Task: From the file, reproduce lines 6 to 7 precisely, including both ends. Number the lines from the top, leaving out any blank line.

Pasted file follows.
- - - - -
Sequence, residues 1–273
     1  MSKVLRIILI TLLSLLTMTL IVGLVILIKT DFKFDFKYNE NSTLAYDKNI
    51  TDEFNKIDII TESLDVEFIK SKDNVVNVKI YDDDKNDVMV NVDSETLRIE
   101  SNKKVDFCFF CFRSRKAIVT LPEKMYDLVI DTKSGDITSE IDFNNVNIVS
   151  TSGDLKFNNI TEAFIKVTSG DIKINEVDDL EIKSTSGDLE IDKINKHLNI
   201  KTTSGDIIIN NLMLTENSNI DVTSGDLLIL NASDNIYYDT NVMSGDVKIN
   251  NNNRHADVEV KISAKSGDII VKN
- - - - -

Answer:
   201  KTTSGDIIIN NLMLTENSNI DVTSGDLLIL NASDNIYYDT NVMSGDVKIN
   251  NNNRHADVEV KISAKSGDII VKN